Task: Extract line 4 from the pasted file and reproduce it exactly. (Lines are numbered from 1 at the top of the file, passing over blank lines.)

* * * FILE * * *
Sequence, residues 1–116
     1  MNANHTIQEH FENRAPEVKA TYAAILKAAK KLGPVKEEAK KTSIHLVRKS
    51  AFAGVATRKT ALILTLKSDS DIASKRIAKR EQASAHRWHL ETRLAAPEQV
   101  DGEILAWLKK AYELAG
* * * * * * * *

   101  DGEILAWLKK AYELAG